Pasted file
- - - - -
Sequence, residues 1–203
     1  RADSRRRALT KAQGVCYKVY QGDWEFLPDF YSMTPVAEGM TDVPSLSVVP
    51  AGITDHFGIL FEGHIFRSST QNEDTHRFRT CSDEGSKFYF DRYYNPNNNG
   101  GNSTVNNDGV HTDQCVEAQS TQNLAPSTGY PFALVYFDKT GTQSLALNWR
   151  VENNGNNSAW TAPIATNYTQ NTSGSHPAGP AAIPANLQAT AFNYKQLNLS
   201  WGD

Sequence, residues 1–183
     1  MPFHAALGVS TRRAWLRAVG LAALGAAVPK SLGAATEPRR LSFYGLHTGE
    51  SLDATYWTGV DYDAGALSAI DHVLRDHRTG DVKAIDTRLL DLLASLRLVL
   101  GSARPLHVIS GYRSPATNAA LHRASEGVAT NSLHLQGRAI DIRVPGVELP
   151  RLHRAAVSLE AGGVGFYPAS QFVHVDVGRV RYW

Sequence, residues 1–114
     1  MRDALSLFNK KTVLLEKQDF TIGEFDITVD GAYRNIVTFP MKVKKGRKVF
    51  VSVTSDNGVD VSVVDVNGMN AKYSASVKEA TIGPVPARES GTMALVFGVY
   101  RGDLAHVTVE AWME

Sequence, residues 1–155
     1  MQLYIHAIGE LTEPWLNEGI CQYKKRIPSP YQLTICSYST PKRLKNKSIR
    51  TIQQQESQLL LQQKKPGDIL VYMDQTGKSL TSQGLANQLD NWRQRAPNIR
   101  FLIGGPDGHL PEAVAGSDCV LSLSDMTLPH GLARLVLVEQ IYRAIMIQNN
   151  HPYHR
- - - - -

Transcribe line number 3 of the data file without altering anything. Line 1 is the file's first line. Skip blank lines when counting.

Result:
    51  AGITDHFGIL FEGHIFRSST QNEDTHRFRT CSDEGSKFYF DRYYNPNNNG